Laryngotracheitis in Poultry

Small and Backyard Flocks May 05, 2015 Print Friendly and PDF

Written by: Dr. Jacquie Jacob, University of Kentucky

Laryngotracheitis (LT)—also called infectious laryngotracheitis (ILT) and laryngo—is a virus that affects chickens and pheasants. Chickens 14 weeks and older are more susceptible to this illness than are young chickens. As a result, most outbreaks occur in mature hens. Outbreaks have occurred in flocks of broilers older than three weeks of age. Improper use of vaccines is believed to cause this disease in broilers.

LT can be spread mechanically from flock to flock by contaminated clothing, shoes, tires, and so on. LT is spread from bird to bird through the air on respiratory secretions. Infected birds cough and release the virus, which uninfected birds then inhale. Birds that recover from this illness should be considered carriers for life.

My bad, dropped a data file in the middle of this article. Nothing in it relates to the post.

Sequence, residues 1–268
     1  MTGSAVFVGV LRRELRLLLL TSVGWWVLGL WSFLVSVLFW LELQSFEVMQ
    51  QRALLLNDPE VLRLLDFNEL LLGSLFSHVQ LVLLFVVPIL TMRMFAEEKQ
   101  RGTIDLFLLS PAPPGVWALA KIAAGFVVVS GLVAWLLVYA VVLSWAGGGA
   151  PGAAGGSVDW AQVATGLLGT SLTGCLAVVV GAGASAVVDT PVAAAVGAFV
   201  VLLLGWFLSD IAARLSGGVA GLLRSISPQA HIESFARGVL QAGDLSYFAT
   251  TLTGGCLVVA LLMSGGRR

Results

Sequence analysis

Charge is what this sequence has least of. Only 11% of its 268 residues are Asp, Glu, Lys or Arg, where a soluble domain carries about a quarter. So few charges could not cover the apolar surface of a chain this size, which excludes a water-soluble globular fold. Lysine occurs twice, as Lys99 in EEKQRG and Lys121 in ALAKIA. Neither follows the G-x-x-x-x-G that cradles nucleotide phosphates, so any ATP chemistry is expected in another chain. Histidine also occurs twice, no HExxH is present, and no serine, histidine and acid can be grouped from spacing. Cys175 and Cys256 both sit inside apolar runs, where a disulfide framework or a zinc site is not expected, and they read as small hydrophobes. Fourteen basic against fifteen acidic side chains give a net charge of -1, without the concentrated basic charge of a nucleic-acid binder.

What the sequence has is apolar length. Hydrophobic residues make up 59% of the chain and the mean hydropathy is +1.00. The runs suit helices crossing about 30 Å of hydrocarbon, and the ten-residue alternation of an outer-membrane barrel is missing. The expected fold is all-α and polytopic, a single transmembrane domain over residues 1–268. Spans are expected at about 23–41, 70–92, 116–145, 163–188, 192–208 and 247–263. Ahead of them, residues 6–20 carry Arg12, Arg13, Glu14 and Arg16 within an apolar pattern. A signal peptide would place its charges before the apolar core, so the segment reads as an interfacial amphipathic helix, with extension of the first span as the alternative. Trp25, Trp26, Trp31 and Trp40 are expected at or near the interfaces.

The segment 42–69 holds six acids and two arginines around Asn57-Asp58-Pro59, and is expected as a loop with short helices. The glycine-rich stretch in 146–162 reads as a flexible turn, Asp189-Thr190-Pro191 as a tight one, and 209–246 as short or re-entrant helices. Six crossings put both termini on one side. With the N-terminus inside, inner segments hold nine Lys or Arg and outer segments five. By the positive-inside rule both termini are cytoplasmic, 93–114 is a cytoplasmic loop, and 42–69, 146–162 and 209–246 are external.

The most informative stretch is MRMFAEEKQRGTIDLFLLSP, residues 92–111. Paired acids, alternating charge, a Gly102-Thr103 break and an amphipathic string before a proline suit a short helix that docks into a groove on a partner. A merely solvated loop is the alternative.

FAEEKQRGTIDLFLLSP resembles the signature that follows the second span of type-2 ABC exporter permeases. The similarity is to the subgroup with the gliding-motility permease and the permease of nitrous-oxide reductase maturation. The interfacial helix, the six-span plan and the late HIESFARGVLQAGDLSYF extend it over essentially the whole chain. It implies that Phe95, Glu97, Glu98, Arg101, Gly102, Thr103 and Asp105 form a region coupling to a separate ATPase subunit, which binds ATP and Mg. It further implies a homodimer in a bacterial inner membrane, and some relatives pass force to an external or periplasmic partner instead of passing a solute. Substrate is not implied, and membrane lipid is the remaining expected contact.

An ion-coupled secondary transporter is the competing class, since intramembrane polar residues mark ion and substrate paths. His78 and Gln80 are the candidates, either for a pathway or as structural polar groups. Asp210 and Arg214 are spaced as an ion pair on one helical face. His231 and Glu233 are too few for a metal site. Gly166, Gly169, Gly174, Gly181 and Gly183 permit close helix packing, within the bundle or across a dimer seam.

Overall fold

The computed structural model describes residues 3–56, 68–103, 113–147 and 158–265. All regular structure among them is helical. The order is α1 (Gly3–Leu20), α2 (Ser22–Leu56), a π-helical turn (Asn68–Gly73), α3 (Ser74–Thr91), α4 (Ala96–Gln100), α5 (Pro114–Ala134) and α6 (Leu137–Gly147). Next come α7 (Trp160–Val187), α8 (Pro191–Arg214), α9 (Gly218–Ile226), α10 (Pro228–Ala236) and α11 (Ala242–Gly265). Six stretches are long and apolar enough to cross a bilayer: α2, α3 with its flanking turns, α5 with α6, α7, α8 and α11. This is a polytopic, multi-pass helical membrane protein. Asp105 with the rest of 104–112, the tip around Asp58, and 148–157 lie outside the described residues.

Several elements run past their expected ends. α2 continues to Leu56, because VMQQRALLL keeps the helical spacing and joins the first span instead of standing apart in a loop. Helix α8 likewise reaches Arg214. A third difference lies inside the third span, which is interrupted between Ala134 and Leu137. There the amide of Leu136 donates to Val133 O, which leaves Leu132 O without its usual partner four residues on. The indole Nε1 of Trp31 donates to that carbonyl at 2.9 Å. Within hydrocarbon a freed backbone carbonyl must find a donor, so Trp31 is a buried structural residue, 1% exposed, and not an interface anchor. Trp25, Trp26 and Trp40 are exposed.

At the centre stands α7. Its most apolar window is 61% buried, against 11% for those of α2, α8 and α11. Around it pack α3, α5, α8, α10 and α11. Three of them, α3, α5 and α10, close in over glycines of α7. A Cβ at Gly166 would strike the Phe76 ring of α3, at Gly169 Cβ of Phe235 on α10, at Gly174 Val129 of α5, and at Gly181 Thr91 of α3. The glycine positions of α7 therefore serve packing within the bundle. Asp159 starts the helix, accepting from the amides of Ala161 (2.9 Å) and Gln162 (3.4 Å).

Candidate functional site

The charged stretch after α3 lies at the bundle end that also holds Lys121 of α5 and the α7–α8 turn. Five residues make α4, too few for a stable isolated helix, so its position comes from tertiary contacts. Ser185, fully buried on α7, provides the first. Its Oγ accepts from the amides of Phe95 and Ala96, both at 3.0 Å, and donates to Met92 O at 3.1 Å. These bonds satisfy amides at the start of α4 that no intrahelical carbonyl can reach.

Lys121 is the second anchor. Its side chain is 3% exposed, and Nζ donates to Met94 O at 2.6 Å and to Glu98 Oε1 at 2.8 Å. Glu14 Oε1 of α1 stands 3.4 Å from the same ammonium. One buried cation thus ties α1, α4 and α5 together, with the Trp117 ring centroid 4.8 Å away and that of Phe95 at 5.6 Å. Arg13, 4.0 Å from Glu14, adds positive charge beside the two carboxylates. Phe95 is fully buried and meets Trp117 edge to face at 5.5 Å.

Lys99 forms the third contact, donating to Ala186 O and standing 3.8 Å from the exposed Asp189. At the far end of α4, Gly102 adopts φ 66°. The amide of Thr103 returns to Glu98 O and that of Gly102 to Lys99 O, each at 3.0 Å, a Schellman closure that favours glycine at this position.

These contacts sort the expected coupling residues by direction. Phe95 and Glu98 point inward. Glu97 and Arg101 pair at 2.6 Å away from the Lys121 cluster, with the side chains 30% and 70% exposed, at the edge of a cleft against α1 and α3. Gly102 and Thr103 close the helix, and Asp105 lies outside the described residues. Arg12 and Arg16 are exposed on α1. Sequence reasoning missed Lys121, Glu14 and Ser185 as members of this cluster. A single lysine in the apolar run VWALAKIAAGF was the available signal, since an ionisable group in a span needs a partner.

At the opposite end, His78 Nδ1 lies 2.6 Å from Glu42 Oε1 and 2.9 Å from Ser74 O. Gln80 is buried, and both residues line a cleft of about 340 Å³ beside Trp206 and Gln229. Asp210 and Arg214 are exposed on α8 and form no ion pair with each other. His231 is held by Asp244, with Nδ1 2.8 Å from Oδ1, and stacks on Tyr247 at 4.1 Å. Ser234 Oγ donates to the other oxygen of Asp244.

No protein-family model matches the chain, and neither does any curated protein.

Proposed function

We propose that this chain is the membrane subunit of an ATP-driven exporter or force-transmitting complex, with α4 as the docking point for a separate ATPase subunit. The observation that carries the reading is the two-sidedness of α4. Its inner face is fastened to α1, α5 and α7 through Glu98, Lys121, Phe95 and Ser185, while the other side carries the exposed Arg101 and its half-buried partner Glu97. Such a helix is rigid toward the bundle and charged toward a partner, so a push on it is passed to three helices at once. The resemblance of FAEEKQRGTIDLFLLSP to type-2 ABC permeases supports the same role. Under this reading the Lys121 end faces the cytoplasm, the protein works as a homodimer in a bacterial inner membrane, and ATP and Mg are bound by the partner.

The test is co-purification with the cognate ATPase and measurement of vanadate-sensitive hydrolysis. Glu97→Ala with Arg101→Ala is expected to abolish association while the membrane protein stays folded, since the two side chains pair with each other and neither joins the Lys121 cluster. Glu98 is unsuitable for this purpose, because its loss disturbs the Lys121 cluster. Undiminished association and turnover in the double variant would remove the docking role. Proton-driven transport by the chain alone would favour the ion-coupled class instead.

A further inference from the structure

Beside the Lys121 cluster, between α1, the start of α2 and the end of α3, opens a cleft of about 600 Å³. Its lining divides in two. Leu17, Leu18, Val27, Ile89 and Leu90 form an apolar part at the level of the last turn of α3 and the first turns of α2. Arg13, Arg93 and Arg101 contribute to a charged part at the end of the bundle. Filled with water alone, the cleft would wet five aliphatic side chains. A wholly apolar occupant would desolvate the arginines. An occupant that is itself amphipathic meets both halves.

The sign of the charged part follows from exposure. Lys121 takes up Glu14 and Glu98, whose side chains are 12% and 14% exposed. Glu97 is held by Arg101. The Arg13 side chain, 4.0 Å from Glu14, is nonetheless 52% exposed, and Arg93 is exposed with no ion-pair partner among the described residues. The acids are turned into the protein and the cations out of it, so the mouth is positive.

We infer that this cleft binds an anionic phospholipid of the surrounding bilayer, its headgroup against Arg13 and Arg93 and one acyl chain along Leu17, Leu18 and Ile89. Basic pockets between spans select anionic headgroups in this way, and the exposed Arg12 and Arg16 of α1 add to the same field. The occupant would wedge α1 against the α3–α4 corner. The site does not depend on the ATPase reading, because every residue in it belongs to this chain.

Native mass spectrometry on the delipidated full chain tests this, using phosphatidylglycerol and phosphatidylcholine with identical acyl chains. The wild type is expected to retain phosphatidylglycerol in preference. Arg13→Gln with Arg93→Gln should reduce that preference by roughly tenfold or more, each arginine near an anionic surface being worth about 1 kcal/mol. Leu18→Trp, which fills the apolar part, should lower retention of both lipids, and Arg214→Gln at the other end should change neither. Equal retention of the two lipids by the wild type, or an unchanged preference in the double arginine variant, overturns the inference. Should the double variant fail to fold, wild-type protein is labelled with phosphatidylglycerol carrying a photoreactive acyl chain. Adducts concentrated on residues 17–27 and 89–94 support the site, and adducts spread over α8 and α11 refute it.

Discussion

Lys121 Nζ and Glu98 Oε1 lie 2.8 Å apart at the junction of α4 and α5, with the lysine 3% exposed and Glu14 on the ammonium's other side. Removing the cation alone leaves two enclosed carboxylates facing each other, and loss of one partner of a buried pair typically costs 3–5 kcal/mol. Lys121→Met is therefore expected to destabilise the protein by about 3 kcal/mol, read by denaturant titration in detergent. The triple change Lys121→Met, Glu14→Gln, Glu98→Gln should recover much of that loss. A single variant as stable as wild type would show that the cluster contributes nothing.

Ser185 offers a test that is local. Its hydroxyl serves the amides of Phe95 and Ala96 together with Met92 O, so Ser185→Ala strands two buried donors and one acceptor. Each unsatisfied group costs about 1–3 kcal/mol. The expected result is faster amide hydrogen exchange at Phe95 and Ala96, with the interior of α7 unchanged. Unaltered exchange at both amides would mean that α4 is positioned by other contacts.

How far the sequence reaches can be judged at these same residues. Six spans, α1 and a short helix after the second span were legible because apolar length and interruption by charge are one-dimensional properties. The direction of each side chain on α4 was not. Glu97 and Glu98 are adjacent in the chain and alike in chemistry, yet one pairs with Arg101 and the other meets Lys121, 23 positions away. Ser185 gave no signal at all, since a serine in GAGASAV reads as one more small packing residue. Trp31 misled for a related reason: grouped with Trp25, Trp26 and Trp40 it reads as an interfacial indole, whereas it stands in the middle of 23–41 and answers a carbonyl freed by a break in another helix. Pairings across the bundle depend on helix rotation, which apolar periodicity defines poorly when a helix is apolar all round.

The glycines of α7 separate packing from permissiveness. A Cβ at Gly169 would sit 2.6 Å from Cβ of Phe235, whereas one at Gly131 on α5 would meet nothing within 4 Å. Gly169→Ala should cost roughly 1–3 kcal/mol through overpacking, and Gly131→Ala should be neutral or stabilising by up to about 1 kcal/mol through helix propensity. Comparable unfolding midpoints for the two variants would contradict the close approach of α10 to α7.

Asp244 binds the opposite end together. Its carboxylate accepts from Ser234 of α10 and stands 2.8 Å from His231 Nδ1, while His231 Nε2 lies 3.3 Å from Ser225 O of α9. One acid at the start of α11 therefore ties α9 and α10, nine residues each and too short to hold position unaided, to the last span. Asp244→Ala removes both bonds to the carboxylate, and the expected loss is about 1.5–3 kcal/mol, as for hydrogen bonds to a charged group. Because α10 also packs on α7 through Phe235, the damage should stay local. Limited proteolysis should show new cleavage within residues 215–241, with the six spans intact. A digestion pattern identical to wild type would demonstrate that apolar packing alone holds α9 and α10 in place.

Clinical Signs 

The first clinical sign of the disease that producers typically noticed is watery eyes. Affected birds remain quiet because breathing is difficult. Affected birds progress to coughing, sneezing, and shaking of the head to dislodge cheesy material (referred to as a plug) in the windpipe. Birds typically extend their heads and necks to facilitate breathing. Inhalation produces a wheezing and gurgling sound. Many birds die from suffocation as a result of the plugs in their windpipes.


You can administer antibiotics to infected birds to prevent secondary infections, but the antibiotics will have no affect on the virus. For small flocks, you can use swabs to remove plugs from gasping birds. It is important to remember, however, that infected birds will continue to be carriers of the disease.

Prevention and Control

To prevent the spread of the virus, it is important to incinerate dead birds. Implementing and maintaining an effective biosecurity program will also help prevent the introduction and spread of the disease. A vaccine is available to prevent infection. For small flocks, it is recommended that the vaccine be administered to each bird with the eye-drop method.

For More Information

Infectious laryngotracheitis virus (ILT). Donna Carver, North Carolina State University.

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This work is supported by the USDA National Institute of Food and Agriculture, New Technologies for Ag Extension project.